A chaplet is a wreath or garland of leaves and/or flowers worn like a coronet. Often times it is bestowed as a mark of honor or a symbol of esteem, an evolution of the Roman corrolla or corrollæ, chaplets made of the twigs of holy trees worn by the victors of sacred contests. (Think of a crown of laurels…from where the word laureate hails.) Still drawing a blank? Remember the Athens Olympics? Those were laurel corolla (aka “bay leaf” to us Americans) that the medalists wore during the ceremony.
A chaplet of orange blossoms “in token of virginity” (oh snore already) was traditionally worn by first-time brides with their hair loose. Chaplets were also popular for May Day, a left-over celebration of the pagan festival Beltane. Huge Maypoles were decorated and constructed and the young man who could climb to the top and fetch the wreath was known as the May King for the rest of the day. Similar Midsummer festivals are still held in Germany and Scadinavia; the Maypole, like the one located in Sweden below, still play a large role.
Eventually these pagan rituals celebrating fertility and the season’s turn transitioned into Christian ones. The statue of the Virgin Mary is traditionally crowned with a chaplet on her holy day which coincided with the former Beltane. Christmas still saw the wearing of chaplets until it became a “political issue” in Renaissance England.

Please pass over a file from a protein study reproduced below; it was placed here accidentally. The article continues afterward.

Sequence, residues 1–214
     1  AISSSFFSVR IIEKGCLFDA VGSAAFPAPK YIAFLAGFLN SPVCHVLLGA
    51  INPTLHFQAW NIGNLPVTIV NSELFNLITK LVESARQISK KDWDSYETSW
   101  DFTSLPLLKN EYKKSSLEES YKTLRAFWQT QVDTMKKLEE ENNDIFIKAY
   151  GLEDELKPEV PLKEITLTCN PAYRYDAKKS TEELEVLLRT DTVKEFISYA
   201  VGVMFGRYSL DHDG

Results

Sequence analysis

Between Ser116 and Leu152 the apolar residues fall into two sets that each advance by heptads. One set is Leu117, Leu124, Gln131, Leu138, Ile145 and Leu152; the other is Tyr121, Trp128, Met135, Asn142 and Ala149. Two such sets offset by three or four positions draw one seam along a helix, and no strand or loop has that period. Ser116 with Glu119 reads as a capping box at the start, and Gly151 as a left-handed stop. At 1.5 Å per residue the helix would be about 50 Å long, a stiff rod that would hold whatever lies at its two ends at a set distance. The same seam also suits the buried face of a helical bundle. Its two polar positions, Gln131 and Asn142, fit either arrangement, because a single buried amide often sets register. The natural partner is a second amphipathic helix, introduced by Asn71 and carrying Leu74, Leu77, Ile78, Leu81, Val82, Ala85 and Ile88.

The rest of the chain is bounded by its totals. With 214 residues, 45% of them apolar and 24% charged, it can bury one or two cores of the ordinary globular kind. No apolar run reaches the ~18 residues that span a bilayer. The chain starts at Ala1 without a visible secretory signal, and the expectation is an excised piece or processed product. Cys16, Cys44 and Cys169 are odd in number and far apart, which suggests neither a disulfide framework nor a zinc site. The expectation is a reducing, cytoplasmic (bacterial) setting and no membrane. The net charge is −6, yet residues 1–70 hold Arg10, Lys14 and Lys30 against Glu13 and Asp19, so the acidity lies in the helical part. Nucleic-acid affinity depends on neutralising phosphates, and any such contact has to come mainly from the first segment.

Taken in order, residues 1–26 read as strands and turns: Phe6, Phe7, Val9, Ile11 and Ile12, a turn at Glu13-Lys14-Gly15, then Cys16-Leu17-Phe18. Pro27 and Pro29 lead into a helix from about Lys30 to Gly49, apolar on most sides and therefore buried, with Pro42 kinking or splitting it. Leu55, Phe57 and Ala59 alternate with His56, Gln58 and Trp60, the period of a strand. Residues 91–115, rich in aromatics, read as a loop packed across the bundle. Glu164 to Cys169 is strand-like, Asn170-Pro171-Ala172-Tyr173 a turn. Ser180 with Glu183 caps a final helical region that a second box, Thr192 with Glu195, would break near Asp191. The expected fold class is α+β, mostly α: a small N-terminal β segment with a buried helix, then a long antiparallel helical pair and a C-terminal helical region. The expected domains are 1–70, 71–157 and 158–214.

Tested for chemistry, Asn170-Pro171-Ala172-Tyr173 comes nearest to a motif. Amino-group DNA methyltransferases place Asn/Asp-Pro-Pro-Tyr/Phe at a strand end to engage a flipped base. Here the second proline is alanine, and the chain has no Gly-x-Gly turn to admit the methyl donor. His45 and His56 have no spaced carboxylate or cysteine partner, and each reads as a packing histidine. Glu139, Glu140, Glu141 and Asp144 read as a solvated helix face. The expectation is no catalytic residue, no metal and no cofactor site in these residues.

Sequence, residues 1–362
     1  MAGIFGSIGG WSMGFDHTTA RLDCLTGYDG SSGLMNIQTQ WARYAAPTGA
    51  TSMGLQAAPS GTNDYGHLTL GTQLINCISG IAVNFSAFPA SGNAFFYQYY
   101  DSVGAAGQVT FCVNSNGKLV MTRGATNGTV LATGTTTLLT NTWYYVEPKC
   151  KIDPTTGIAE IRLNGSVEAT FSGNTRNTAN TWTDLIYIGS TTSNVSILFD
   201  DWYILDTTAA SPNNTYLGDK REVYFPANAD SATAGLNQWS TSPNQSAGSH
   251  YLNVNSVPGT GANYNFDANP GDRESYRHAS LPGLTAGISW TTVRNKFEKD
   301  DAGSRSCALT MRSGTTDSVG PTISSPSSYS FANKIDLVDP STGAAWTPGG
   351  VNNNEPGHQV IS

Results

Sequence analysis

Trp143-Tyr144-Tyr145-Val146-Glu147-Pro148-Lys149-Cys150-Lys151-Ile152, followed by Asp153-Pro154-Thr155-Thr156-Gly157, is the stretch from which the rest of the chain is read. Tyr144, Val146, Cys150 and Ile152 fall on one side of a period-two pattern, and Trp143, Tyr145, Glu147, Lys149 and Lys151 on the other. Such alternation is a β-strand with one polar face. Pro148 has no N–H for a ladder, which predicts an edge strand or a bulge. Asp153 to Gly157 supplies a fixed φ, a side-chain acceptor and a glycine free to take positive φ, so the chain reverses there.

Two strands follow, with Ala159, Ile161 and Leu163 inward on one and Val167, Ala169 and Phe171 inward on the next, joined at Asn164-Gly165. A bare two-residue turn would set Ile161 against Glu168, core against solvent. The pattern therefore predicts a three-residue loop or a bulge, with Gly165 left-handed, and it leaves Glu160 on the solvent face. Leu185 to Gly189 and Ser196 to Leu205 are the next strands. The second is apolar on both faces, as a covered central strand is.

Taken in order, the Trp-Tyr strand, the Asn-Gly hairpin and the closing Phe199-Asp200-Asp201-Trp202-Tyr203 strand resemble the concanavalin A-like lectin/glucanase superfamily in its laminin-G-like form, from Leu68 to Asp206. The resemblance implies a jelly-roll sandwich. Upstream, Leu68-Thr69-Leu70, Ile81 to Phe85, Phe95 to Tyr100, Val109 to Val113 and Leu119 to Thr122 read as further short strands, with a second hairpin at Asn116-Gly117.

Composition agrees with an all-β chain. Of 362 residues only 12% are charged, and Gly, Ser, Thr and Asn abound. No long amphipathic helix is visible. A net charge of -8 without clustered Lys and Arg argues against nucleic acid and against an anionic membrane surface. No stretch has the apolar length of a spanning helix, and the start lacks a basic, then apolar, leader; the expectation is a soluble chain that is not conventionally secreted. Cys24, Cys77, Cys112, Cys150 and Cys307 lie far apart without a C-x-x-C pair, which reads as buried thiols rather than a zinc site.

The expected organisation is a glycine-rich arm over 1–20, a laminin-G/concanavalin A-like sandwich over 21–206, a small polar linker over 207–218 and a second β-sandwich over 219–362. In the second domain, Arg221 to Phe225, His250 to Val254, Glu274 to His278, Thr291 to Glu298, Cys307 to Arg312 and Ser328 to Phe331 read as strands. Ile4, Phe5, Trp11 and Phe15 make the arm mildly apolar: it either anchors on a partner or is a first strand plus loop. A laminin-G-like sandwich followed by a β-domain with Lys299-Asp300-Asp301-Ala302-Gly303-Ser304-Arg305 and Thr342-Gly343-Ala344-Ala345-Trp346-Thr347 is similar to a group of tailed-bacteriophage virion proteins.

However, the chaplet is still embraced on Saint Lucy’s day in Sweden. On December 15, during the yuletide Advent season, the eldest daughter dresses as the famous saint and serves the rest of the family coffee and hot saffron buns in bed. The chaplet used to crown the “official” Santa Lucia of each town is made of bronze so it can support the candles St. Lucy traditionally wore.
The best part? Like the French hood, with some patience you can make a chaplet at home. (I wouldn’t advise pyrotechnic-supporting metallurgy at home, though.) I wonder what year this magazine is from…I’m assuming it’s not Parents Magazine given the reference to Zion in the Psalms quote in the top corner.
- Outmoded Jewelry Terms (hammermarks.wordpress.com)